Today, I’m thinking a lot about prayer. The first Thursday in May is the National Day of Prayer. I wanted to share a devotion today from Eddie Jones published on CBN.
“Chaplain, sit for a moment. I want to talk to you about this business of prayer.” George S. Patton stood by the window watching the steady rain. For days the Third Army had been bogged down due to the weather. “Chaplain,” asked Patton, “How much praying is being done in the Third Army?” The Chaplain admitted that lately, not much.
“Chaplain, I am a strong believer in prayer. There are three ways that men get what they want: by planning, by working, and by praying. Any great military operation takes careful planning or thinking. Then you must have well-trained troops to carry it out: that’s working. But between the plan and the operation there is always an unknown. That unknown spells defeat or victory, success or failure. Up to now, God has been very good to us. We have never retreated; we have suffered no defeats, no famine, no epidemics. This is because a lot of people back home are praying for us. We were lucky in Africa, in Sicily, and in Italy: simply because people prayed. But we have to pray for ourselves too. We must ask God to stop these rains. This Army needs the assurance and the faith that God is with us. With prayer, we cannot fail.”
But what if we are forbidden to pray for the protection of our nation, the wisdom of our leaders, and the freedoms of our people? On August 29, 2011, a three-judge panel of the Fourth U.S. Circuit Court of Appeals ruled officials could not pray before public meetings. The ruling, in the case of Joyner v. Forsyth County, admonished public officials to refrain from invoking the name of Jesus.
To pray is to call upon God and to invite Him into conversation.
The Greek word enteuxis is often translated “intercession.” In the New Testament the word is used to describe a petition presented to a king on the behalf of another. A petition is not an unspoken request but a bold supplication that carries with it the signatures of those who dared to come before the ruling authorities.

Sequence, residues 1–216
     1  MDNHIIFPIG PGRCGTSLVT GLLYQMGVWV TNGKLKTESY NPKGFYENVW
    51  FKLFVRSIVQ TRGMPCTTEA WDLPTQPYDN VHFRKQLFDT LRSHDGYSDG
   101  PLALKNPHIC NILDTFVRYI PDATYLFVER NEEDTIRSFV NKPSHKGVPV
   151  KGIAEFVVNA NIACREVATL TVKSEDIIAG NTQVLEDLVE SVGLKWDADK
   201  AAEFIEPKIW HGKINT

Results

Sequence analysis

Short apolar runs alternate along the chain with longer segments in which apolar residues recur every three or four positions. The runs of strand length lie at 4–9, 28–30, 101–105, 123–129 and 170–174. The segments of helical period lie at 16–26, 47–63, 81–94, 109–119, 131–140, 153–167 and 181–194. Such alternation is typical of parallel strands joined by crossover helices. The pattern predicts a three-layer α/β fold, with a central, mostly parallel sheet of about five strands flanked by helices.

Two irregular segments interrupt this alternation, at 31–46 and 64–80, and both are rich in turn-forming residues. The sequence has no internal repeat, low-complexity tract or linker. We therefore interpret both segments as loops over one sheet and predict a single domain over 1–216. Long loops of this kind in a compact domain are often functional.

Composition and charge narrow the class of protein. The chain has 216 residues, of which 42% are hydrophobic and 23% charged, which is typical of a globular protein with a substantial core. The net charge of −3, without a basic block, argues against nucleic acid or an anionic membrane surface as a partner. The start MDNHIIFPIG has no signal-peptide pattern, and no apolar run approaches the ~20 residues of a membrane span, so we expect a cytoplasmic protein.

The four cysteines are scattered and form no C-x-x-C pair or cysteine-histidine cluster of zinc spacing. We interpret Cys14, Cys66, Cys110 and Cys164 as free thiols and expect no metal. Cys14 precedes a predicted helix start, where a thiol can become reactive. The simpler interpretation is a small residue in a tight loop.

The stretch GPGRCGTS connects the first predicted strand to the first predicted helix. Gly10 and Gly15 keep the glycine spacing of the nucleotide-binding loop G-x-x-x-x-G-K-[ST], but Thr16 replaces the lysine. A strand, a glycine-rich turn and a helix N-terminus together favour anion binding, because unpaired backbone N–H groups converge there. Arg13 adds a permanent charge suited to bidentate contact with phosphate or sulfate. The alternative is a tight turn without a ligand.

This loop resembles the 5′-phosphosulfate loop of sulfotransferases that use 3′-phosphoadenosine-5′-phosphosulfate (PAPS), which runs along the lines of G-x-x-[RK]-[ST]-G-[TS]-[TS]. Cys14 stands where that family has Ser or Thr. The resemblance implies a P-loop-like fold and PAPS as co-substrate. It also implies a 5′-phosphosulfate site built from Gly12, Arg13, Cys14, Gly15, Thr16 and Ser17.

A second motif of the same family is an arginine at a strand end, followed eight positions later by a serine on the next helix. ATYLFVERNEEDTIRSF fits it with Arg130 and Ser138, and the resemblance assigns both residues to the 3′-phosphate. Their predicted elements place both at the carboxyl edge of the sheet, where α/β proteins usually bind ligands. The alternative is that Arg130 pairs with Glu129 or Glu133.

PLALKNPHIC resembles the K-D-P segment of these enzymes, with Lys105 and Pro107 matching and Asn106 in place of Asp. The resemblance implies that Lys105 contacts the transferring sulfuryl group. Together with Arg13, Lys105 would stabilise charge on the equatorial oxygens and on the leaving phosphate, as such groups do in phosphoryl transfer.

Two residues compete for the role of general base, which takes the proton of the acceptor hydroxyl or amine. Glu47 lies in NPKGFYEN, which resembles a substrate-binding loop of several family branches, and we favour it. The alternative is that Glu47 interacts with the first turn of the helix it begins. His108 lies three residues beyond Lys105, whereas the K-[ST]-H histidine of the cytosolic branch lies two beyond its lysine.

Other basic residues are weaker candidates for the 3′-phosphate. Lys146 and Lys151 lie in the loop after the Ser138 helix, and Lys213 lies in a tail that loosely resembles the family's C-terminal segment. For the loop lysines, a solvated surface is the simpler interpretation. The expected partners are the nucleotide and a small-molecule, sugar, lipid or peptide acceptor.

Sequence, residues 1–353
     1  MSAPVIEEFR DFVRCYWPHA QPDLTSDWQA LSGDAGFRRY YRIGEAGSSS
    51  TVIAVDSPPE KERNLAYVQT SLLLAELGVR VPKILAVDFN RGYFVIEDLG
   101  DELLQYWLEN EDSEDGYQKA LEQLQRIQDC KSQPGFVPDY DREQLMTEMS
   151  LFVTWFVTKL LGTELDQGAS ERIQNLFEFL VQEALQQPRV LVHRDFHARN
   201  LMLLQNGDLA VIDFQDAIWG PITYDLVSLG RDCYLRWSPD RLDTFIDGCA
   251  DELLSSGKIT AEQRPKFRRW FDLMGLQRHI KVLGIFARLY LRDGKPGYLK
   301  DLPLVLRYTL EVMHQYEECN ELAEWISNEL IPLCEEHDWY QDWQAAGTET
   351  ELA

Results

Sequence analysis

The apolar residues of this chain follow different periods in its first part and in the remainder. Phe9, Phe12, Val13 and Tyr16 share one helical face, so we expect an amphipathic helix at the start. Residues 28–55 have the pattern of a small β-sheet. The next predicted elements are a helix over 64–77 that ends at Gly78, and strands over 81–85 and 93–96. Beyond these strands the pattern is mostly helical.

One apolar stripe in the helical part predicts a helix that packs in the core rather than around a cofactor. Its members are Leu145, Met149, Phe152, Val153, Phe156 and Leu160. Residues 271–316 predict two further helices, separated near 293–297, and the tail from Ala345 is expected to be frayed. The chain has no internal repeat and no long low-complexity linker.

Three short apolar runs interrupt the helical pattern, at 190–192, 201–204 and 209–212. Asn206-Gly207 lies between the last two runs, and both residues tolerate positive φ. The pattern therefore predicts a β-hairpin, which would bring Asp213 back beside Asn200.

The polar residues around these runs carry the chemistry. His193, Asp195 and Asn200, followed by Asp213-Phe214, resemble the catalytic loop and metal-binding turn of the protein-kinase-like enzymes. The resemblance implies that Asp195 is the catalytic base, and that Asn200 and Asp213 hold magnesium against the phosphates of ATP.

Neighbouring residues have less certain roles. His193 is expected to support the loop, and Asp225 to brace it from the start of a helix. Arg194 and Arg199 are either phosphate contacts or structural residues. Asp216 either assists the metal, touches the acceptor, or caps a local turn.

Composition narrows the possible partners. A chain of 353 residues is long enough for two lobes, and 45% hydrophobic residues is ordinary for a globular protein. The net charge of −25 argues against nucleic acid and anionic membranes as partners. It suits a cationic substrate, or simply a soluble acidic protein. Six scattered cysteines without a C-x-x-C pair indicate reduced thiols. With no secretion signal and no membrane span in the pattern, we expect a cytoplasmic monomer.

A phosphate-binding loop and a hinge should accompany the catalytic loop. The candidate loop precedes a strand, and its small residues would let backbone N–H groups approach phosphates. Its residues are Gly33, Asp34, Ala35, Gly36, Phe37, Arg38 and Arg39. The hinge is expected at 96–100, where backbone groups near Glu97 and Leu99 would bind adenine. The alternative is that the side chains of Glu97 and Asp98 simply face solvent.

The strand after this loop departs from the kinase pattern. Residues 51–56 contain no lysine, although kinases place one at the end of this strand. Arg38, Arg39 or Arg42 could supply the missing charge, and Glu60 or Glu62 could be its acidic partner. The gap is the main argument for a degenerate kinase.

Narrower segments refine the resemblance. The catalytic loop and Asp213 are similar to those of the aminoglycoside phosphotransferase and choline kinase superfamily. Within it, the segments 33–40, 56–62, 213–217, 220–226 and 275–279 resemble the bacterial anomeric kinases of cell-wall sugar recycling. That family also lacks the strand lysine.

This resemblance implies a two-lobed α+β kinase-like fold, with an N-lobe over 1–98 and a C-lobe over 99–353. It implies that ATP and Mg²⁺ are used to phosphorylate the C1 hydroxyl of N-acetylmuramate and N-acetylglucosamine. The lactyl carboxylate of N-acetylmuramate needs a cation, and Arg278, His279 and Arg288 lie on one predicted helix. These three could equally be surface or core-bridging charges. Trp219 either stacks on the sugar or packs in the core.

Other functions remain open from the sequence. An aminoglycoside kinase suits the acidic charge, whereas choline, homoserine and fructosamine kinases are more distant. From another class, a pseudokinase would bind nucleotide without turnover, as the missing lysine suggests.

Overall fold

Jesus told this parable of the persistent neighbor:
“Suppose the one inside answers, ‘Don’t bother me. The door is already locked, and my children and I are in bed. I can’t get up and give you anything. I tell you, even though he will not get up and give you the bread because of friendship, yet because of your shameless audacity he will surely get up and give you as much as you need.'” Luke 11:7-8 (NIV)
God listens to our silent prayers, but He also longs to hear our voices raised to the heavens, demanding justice for the oppressed and assistance for the wounded and hurting.
Between December 12 and December 14, 1944, two hundred and fifty thousand copies of General Patton’s Prayer Card were distributed to the troops. On December 20, the rains ceased. For almost a week, American warplanes bombarded the German army that had been advancing under the cloak of fog. General Patton prayed for fair weather and God sent it.
Perhaps it’s time to gather in our homes, churches, public squares, and courtrooms and ask God to have mercy on us and to forgive our sins. Each year the United States recognizes a national day of prayer. What our country needs is citizens who will pray without ceasing.
Will we embrace that challenge? “if my people, who are called by my name, will humble themselves and pray and seek my face and turn from their wicked ways, then I will hear from heaven, and I will forgive their sin and will heal their land.” (2 Chron. 7:14)